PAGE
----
by Anthony Alongi
The top performers of Day One gathered together on Day Two to drink coffee together, reminisce about the last time they saw each other (that is, earlier that morning), and count up their brethren: 169 in all. Eight of those 169 sat at the top table to start off Draft Three. In draft order:
- Jeff Clark
- Svend Geertsen
- Wilfried Ranque
- Yubin Tao
- Adrian Sayers
- Christian Fehr
- Michael Gurney
- Erno Ekebom
Geertsen, Ranque, Sayers, and Ekebom were undefeated in Day One; the others were a very tall 6-1. A full listing of cards drafted can be found here; this analysis will refer to it frequently. This will open another browser window and let in some Internet air.
The first notable thing about this draft, in review, is the extremely low instance of hard, black removal in the common and uncommon slots:
- no Agonizing Demise
- no Exotic Curse
- no Annihilate
- no Reckless Spite
- no Breath of Darigaaz
- no Canopy Surge
- no Wallop
- one Plague Spores
- one Scorching Lava
- one Tribal Flames
- one Zap
- two Lightning Darts
So what WAS there, you ask? Well, more Viashino Grapplers and Phantasmal Terrains than you'd care to shake a stick at, thank you very much. But also some true limited bombs, and a seemingly endless supply of quality creatures...especially Thornscape Apprentice. There was also plenty of blue pacing goodness, with favorites Exclude and Repulse making strong appearances.
The second key dynamic in this draft was a a great deal of very intricate cooperation, punctuated with one clear spot of side-by-side competition.
Start with the competition. Early on, Svend looked like he was going to have a bad draft, with Armadillo Cloak and Benalish Trapper giving way to a dabble in red and "safety" pick in a sack-land. At the same time, Wilfried Ranque to his left picked Thornscape Apprentice and then Armored Guardian. Come third pick, he chose an Apprentice from Stormscape over Thornscape, and so Svend looked safer in green; but then later picks in Kavu Climber and Rooting Kavu made it seem as though there were two green-white drafters right next to each other.
Further downstream, there were clearer lines being drawn. Yubin was able to pull out most of the green beef, as well as good red synergy (Hunting Kavu, Lightning Dart) to use those two colors solidly. To his left, Adrian Sayers was one of three black-blue drafters; when he opened a Tsabo's Assassin to start the fifth pack, he pulled both a bomb and one of the scant removal cards in the entire draft. With three seats to his left feeding him black, Adrian had a very good draft indeed.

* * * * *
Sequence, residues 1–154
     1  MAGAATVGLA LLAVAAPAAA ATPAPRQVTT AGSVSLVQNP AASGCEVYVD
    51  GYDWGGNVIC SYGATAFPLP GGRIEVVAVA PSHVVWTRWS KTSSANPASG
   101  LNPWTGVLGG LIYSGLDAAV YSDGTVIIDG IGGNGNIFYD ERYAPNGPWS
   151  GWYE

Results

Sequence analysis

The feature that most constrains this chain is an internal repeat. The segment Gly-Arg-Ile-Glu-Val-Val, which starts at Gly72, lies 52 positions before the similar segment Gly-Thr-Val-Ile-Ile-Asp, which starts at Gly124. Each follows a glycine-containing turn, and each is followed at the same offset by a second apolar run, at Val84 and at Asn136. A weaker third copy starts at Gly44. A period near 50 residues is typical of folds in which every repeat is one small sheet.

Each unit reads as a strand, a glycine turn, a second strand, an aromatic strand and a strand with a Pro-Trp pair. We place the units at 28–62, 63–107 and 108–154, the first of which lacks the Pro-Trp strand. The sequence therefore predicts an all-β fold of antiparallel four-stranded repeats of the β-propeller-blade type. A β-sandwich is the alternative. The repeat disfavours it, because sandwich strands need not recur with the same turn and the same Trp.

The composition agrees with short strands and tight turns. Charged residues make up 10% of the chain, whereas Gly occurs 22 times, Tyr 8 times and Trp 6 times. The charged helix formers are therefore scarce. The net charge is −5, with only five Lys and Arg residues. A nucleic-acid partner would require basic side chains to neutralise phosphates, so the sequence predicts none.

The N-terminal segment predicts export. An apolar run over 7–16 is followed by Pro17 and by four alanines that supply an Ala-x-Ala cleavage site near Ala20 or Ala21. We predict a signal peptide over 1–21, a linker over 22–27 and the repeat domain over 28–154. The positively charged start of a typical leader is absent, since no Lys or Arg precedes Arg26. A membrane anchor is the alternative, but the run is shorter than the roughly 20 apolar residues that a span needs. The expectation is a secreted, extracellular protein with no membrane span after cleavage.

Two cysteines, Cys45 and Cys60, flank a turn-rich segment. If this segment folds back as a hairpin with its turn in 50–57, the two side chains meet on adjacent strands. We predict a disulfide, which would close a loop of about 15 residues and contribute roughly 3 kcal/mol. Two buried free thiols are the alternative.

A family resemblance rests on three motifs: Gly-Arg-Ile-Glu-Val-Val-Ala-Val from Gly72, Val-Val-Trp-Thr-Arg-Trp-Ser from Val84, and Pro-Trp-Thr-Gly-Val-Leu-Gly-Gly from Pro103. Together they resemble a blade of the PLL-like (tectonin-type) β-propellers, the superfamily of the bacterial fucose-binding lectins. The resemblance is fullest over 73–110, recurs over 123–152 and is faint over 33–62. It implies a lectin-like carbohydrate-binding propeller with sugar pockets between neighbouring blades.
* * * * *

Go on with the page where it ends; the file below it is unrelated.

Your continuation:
Christian Fehr pulled an Armadillo Cloak out of that Assassin's pack, which solidified an already strong green-white signal. While Svend and Wilfried fought for those same colors in a distant land, Christian had at least a two-drafter buffer to either side (three to his left, actually) and he was able to scoop up tasty tappers and strong white creatures, as well as a bomb that I'll get to in a moment.
Perhaps the most delicate balance was struck between Michael Gurney in blue-black-red, Erno Ekebom in black-red, and Jeff Clark in blue-black. While it might seem from that sentence that Erno was ill-advised to pursue his colors, the picks available to him and his neighbors never made it seem like they were fighting very hard at all. One example of this was pack eleven, when Jeff took an Urborg Drake, passing a Recover to Erno, who passed a Vodalian Zombie to Michael. Another example is pack 17: watch the picks made that allowed Erno to get an Addle and Cinder Shade on the bounce!
Yet another example of this was pack eight; check out what Erno picked (I told you you should keep that window open), how Jeff found a perfectly viable second pick . . . and see what made it all the way to Michael! Given the low rate of removal already established at the table, this is remarkable.
That Emissary actually plays into the next pack, and the best example of basic cooperation between two players clearly not in each other's colors. (This is for the newer drafters among us.) Christian, with his sixth pick, took a Benalish Emissary: a nice card, but not as good straight-up against the Shivan. Many players new to Rochester draft might be tempted to take the Shivan Emissary, thinking that they need to "get rid of that". But Christian let it pass, and the next pack opened contained a Rout. Michael let it go by, and Christian's green-white deck now contained one of the very few removal cards across the table. Incidentally, this tradition of cooperation rewarded another one of the trio; Jeff Clark got perhaps the best bounce of the draft with Duskwalker and Recover.
Back to the two competing seats, Svend and Wilfried. Svend found a workable home by suggesting a splash of red and then taking every Thornscape Apprentice that came his way (he ended up with three). Wilfried amazingly ALSO dabbled in red -- he ended up with two Hooded Kavu, one as an apparent peace offering to Svend since he passed one of those Apprentices -- and then came back a bit to blue, reinforcing his Armored Guardian with a Zanam Djinn, Sapphire Leech, and Vodalian Serpent. While there's no doubt the two hurt each other through the first two packs, by the start of the third pack, they managed to stay largely out of each other's way.
Enough talk! You want to know more, see the full draft detail. Given its lack of removal and unusual intra-color cooperation, it ranks as one of the most intriguing drafts at this Pro Tour.